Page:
I recently attended the “Scripture and Sacraments in Reformation Anglicanism” course at George Whitefield College presented by Dr Ashley Null*. I found the course extremely challenging and very beneficial in thinking about ministry today. The course centred around the Protestant Reformation in the Church of England in the 1500’s, how the Church of England broke from the church of Rome, how God used Thomas Cranmer to capture the essence of the English Reformation and how Cranmer set the glorious Reformation truths before ordinary people with the Book of Common Prayer.
On Sunday I led our church through some set prayers in our REACH SA Prayer Book. Non-conformists, more independent types might want to deride me as being too clinical and stayed, not allowing “the Spirit to move”. “We need to be led by the Spirit in our church services!”, they cry.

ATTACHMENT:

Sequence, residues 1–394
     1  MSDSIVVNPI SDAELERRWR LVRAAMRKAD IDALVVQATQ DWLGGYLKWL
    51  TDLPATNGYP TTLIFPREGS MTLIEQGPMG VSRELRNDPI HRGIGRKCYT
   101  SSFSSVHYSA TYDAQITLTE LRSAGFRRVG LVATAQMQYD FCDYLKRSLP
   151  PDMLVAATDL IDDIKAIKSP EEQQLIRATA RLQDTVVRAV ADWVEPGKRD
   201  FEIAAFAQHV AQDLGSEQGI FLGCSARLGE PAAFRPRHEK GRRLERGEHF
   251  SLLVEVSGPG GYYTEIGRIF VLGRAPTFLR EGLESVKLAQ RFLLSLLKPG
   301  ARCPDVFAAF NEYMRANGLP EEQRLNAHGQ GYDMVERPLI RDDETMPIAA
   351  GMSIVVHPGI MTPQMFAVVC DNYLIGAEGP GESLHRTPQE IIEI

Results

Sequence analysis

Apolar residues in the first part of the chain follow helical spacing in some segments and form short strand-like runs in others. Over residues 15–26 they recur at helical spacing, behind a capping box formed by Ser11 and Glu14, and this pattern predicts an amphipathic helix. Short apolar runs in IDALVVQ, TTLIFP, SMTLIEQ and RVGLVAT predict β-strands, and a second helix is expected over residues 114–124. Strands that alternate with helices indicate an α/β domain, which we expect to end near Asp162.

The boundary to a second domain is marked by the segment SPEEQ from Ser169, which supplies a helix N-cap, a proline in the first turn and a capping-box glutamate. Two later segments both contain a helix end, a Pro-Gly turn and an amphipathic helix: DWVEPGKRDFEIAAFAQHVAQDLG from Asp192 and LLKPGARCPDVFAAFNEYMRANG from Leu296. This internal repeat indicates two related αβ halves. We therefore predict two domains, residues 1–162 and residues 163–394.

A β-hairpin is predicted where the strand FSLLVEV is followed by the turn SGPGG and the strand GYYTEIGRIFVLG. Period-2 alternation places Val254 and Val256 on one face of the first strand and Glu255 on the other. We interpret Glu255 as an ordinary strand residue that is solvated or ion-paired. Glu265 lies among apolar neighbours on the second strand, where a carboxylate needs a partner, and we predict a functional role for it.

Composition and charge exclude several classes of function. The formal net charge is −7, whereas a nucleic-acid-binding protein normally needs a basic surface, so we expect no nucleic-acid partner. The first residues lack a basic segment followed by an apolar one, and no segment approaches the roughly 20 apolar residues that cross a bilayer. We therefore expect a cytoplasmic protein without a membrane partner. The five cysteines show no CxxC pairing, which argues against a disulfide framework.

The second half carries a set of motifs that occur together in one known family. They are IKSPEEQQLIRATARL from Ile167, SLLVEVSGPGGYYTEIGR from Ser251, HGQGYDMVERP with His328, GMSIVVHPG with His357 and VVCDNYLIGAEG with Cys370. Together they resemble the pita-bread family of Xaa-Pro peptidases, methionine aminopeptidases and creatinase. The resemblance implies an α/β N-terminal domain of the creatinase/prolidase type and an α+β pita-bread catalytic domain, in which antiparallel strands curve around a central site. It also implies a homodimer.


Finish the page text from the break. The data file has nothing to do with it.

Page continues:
I understand the concern, but let me explain why we use the Prayer Book to help us with our liturgy.
Of course the basic starting point in dealing with sin in our lives is to make sure we are Christians. Jesus said in Mark 7 that it is “out of the heart comes evil thoughts, sexual immorality, theft, murder” and so on. In other words, the problem is not what we wear or whether we have a tattoo or not, but our hearts, our very selves. We need new hearts, we need to be converted, we need to be born again. That is the first step.
Secondly, we need to be disciplined. Job said, “I have made a covenant with my eyes; how then could I gaze at a virgin.” (Job 31:1) Job did not presume he would automatically or magically grow in godliness, but made a covenant with himself to work on his holiness. The apostle Paul said, “I discipline my body and keep it under control, lest after preaching to others I myself should be disqualified”. (1 Corinthians 9:27)